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One rule of thumb is if you can express the concept of the one line in plain language in a very short sentence. "If it's true, set it to this, otherwise set it to that"

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If it's true, set it to this. Otherwise, set it to that – Greg Dean Dec 29 '08 at 8:25

For a code construct where the ultimate objective of the entire structure is to decide what value to set a single variable, With appropriate formatting, it is almost always clearer to put multiple conditonals into a single statement. With multiple nested if end if elses, the overall objective, to set the variable...

" variableName = "

must be repeated in every nested clause, and the eye must read all of them to see this.. with a singlr statement, it is much clearer, and with the appropriate formatting, the complexity is more easily managed as well...

decimal cost =
      usePriority?        PriorityRate * weight:
      useAirFreight?      AirRate * weight:
      crossMultRegions?   MultRegionRate:
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In the real world, you'll soon have some change in business rules that makes these decisions more complicated. If you implement this in a Strategy, you'll probably be in a better position to handle that change. – Jay Bazuzi Dec 28 '08 at 17:11
YAGNI tells us that we too often over-estimate the difference between 'x' and 'y', and the probability that we will actually need the thing. Chances are that later, even if we do need it, it will be completely different because of how it must interact with other additions to the system. – Charles Bretana Dec 28 '08 at 23:57
Correct: YAGNI does tell us that. Maybe I should try a different argument, like "I'd rather use objects than statements to express my program" or "This code requires me to keep track of many ideas at once." – Jay Bazuzi Dec 29 '08 at 6:12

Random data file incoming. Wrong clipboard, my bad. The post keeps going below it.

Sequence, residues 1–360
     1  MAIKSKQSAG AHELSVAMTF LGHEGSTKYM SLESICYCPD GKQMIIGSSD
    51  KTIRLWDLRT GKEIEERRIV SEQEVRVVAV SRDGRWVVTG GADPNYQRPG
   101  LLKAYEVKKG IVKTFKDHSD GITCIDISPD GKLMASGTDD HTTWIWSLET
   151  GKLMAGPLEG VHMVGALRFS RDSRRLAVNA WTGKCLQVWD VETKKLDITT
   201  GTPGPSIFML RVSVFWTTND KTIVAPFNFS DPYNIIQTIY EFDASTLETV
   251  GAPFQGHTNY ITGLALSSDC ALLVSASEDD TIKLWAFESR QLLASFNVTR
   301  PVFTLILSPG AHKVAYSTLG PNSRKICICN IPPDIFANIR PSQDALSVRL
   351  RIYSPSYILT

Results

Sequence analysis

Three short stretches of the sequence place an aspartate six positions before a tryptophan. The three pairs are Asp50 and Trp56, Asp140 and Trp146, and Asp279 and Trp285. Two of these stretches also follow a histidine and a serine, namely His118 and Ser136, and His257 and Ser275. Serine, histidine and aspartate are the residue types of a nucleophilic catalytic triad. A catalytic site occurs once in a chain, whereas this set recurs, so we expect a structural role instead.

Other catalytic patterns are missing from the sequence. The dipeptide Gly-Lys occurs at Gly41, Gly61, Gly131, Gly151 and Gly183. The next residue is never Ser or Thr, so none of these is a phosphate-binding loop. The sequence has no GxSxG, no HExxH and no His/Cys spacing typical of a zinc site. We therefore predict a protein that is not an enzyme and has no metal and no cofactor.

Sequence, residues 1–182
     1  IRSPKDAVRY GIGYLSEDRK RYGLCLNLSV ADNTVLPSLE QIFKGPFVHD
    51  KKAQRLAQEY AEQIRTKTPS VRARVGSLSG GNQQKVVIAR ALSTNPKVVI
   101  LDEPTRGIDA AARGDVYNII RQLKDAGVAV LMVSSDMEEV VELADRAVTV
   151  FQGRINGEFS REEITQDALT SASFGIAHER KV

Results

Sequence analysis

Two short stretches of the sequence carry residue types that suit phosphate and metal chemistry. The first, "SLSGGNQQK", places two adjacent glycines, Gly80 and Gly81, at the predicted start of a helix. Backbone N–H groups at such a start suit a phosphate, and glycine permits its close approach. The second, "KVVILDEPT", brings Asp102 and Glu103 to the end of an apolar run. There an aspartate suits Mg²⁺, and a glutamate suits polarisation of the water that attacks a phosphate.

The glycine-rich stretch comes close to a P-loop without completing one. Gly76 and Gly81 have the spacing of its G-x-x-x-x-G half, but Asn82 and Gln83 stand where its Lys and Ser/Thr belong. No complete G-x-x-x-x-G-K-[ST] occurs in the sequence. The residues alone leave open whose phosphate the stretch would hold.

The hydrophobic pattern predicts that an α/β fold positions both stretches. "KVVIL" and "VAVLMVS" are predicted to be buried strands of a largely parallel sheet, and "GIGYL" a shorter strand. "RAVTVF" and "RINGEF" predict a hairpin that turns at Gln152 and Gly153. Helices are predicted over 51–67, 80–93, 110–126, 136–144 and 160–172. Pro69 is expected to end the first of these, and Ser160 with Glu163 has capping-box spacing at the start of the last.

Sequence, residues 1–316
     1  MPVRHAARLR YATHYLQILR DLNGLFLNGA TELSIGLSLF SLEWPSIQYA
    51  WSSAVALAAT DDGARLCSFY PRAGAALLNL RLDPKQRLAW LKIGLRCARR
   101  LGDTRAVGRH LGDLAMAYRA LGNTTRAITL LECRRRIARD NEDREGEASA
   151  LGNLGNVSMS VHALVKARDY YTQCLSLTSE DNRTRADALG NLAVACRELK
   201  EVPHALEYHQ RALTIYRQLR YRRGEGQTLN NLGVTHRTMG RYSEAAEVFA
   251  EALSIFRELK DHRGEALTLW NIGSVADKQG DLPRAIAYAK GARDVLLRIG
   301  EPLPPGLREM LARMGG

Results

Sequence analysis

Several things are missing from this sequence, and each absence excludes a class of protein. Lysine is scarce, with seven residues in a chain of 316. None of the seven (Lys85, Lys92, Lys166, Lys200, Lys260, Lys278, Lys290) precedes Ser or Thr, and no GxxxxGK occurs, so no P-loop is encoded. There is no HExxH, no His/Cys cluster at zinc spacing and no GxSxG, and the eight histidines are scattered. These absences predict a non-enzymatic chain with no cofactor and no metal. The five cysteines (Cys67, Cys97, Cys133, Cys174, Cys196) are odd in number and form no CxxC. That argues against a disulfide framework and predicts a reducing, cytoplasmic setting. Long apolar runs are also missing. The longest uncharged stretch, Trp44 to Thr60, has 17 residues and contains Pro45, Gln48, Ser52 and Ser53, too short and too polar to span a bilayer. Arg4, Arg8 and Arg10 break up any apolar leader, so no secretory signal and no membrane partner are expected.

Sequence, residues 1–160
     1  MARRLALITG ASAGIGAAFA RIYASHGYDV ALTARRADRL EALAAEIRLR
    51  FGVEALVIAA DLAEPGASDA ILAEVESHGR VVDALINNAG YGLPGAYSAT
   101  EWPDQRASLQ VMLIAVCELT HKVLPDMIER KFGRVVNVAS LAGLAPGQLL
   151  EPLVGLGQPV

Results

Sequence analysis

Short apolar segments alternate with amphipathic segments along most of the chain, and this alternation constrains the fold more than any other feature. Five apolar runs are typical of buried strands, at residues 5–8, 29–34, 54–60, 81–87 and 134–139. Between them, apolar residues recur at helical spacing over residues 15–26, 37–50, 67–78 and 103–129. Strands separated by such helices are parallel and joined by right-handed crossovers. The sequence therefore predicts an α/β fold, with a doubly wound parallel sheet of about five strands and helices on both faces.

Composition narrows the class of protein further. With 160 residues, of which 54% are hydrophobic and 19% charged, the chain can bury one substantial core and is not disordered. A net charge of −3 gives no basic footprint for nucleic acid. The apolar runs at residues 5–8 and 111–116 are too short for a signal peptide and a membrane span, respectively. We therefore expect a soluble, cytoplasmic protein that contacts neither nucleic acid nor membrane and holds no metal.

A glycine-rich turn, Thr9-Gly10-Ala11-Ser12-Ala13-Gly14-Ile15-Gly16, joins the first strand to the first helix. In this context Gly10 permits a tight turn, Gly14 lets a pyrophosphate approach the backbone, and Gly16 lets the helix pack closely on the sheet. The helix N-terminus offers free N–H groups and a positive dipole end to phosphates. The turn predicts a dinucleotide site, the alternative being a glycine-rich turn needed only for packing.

In general I agree with that, but would add that there's a complexity threshold below which the use of objects instead of code statements adds more obfuscation than clarity... If there's an application-required paradigm or abstraction that can be represented by a set of properly structured classes, – Charles Bretana Dec 29 '08 at 14:52
then great, that approach increases clarity and IS needed... But if you're just doing it cause it's the latest kewl design pattern you learned, or cause you "might" need it in the next release, then I'd say leave it out. – Charles Bretana Dec 29 '08 at 14:54

The prose is an easily understood one liner that works.

The cons is the concatenation of obfuscated gibberish on one line.

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Generally, I'd call it a bad idea (although I do it myself on occasion) -- it strikes me as something that's done more to impress on how clever someone is than it is to make good code. "Clever tricks" of that sort are generally very bad.

That said, I personally aim to have one "idea" per line of code; if this burst of logic is easily encapsulated in a single thought, then go ahead. If you have to stop and puzzle it out a bit, best to break it up.